February 28, 2012
My first time attending the EMEA (Europe, Middle-East and Africa) Regional Council meeting of OCLC. Two days in Birmingham, with I guess over 250 delegates from 22 countries (if I got it right). I started off by attending the morning session on APIs. Interesting was the acknowledgement that we should be thinking of really getting library exposure in the users’ workflow. Examples that got some more indepth presentation time were Antonio Tejada and Hans Siem Schweiger from Citavi – Citavi is a tool to support the entire academic research process; interesting feature they showed was an easy way for the user to find databases the institution has subscriptions to. Citavi is also being used as acquisition management tool. The link with the other indepth presentation was of course that they are working with OCLC, and also Ian Mulvany, from Mendeley, had an interesting story. Three PhD’s started Mendeley as a desk-top application making document management and collaboration easy and now they have 1,6 million users, and 160 million user-uploaded documents (not yet unduplicated). What I take home is their notion that the institutional repositories could or should try to get that content linked in (via openauthentication). The discussion ended with a strong plea for usability testing: check out what people actually do, and these tools proof it is worthwhile to focus more on enhancing the workflow, and not per se enriching the experience; and then they are of course do not mean the physical space/experience :).

The afternoon was for me a sort of homecoming, the presentation of the new public Library in Birmingham (due June 2013) by the Library director Brian Gambles together with the architect Francine Houben and an overview of public libraries in the US by Kathleen Imhoff and Erik Boekesteijn presenting the Shanachie Tour. Delft was well covered this afternoon!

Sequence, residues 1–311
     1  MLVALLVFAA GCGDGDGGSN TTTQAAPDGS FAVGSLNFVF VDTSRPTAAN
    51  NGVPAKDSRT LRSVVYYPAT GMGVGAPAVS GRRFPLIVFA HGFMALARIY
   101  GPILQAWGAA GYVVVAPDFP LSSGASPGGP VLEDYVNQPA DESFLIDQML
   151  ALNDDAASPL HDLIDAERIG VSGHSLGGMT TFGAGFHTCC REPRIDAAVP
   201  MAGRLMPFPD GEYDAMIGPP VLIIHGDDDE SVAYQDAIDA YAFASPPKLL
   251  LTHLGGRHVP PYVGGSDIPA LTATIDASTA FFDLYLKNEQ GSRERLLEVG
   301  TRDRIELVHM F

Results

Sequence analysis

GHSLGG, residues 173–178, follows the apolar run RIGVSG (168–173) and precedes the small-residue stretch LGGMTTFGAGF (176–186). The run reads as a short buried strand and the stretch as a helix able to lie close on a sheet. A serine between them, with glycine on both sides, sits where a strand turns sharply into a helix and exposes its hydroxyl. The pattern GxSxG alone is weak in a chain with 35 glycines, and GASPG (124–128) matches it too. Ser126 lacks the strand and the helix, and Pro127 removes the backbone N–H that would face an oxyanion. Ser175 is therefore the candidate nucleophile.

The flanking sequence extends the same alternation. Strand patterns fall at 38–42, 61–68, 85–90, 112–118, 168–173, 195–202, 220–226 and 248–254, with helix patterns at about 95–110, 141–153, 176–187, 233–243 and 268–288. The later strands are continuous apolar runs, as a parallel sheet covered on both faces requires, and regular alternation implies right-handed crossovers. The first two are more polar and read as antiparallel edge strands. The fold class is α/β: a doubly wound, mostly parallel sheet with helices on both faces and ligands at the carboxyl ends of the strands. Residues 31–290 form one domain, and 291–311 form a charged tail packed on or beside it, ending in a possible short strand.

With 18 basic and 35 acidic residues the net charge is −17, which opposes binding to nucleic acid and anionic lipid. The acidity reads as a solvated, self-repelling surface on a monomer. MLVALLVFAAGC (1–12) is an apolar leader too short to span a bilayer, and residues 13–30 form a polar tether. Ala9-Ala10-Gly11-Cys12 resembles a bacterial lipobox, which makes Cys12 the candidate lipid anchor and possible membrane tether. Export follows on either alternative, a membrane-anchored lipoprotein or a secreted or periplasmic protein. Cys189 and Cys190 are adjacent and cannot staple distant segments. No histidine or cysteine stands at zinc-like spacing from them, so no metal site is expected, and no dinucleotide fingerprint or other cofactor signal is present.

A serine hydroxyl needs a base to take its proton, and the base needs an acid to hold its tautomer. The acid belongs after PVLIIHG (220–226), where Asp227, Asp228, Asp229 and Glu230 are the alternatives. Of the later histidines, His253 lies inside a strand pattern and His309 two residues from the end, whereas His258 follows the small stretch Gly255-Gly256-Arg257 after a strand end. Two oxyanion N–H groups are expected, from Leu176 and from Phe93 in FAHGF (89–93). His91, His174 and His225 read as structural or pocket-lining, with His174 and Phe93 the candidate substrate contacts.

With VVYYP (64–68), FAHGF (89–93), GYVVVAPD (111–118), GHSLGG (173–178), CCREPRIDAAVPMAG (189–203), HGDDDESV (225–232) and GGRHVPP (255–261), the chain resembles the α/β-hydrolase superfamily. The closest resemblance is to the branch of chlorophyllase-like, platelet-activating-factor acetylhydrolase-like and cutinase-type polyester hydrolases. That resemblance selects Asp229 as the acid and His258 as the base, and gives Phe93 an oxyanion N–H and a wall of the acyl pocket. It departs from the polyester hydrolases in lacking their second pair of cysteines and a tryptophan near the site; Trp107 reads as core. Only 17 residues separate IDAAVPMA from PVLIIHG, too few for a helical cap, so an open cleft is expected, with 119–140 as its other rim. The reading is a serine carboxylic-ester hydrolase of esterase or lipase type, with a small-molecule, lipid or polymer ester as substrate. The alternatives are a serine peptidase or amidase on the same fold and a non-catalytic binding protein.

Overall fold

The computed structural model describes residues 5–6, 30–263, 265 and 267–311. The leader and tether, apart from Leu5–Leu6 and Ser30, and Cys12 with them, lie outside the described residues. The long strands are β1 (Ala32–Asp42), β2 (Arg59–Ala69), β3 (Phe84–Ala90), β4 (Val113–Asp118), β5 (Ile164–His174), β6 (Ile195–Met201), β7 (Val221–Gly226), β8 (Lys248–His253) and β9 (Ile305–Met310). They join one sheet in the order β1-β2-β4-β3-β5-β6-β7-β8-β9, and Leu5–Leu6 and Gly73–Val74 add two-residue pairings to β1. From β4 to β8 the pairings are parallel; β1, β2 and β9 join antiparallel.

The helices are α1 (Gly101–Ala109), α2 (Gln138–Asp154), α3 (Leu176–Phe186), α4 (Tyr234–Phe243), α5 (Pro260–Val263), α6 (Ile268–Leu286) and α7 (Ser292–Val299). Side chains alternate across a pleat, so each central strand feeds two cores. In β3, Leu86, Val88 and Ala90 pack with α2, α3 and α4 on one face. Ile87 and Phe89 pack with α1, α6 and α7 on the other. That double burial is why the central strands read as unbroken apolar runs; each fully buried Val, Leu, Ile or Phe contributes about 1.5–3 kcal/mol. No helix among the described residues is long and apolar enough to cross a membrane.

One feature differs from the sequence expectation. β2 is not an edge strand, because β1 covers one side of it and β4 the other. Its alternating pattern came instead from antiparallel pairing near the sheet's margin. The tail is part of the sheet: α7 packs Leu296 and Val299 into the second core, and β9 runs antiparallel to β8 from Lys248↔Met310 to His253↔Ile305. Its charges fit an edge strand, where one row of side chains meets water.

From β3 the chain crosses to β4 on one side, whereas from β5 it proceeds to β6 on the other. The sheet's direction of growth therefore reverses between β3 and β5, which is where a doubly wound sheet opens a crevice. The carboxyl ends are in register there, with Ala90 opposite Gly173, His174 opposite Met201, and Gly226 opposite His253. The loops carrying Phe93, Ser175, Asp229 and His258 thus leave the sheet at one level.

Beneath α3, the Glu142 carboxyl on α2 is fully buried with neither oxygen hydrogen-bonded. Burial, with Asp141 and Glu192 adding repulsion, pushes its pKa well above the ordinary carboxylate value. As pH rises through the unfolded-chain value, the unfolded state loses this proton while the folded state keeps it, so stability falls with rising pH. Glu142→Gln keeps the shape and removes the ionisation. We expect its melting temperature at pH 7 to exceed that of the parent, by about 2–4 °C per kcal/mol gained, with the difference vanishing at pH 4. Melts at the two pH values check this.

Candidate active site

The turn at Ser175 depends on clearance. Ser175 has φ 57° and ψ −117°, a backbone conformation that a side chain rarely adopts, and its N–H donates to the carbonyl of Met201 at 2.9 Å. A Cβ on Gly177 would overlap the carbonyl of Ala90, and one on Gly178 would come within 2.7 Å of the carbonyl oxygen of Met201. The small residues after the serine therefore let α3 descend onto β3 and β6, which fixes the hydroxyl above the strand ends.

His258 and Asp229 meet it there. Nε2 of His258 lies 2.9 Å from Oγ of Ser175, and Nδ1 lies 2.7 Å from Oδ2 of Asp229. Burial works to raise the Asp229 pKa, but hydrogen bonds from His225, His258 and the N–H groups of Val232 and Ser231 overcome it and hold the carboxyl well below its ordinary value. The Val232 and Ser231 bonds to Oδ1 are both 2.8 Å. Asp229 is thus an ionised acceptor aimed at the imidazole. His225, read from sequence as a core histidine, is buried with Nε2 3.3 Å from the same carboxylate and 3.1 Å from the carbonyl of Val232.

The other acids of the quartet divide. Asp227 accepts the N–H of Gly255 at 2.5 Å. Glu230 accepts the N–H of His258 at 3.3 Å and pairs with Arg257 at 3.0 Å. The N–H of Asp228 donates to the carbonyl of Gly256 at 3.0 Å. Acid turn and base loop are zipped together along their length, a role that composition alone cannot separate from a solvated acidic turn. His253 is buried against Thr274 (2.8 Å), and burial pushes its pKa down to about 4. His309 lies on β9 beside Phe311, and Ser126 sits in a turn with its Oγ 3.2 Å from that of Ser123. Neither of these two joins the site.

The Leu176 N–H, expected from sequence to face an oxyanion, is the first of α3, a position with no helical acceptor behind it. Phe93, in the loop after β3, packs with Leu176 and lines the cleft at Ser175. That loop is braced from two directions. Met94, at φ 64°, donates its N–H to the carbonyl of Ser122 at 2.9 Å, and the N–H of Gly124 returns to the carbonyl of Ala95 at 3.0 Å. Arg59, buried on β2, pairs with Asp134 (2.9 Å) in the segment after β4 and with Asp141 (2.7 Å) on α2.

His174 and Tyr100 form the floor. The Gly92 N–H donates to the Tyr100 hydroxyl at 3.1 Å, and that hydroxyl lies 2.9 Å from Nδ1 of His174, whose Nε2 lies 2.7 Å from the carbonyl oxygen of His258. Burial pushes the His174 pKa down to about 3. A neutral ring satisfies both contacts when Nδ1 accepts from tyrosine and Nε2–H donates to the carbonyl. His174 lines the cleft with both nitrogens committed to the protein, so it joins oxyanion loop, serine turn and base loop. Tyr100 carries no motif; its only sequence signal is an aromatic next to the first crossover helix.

Perhaps just a few quotes: • Be inspirational, innovative and inclusive • Do not talk about services, but about the library experience • See the Library as agent for the democratisation of knowledge • The future for libraries is about people, content and context!

I was lucky after all and could visit the building site the next day. Terry Perkins (who visited our Delft Library two years ago) as projectmanager very proudly told us about the building team, that a building is as good as the people working on it, how they involved the neighbourhood, why they needed a risk escalation structure, that an urban farm will be created on the terraces and that a new building also requires a new way of working.

A nice idea is that The Library of Birmingham is being designed with people in mind, and that’s why the Library is looking for (26) great characters to tell the story of this momentous project. They’ve already selected 17 faces of the library.


February 29, 2012
Today surely the OCLC talks that stood out were from Robin Murray, VP Global Product Management and Lorcan Dempsey. Robin referred to the report Libraries at webscale, so I guess most of this can be found there. The broad outline of his talk was that the main challenges for libraries can be seen in Relevance and Efficiency. Further detailed challenges and opportunies are in meeting users at the point of need, unified collection management, and collaboration and innovation. New according to Robin is the OCLC strategic response, and this is the WorldShare overall programme, well that we can read in the report.
More interesting I thought was the afternoon talk by Lorcan Dempsey (from the OCLC Strategic Development Team). Just a few nice quotes then in a row: • Library is about the production of knowledge, the output and impact and not per se about the assembly of information • Website without reviews and ratings is for youngsters like watching a black&white TV • Library space is now about engagement, around user experience, not about collections • If libraries want to be seen as expert, their experience should be visible! • People are entry points (University of Michigan lets you find their librarians in your search) • Connect the human-scale to the web-scale • The library has no agenda others than allowing other people to create their own agenda.
David White (@daveowhite) and Alison Cullingford (@speccolibrad) were also enthusiastic in their talks and worth checking out. David gave us the following search tips for his work: JISC, Visitor and Residents. Alison promised that her RLUK report would be published April 2012 (on unique and distinctive collections).


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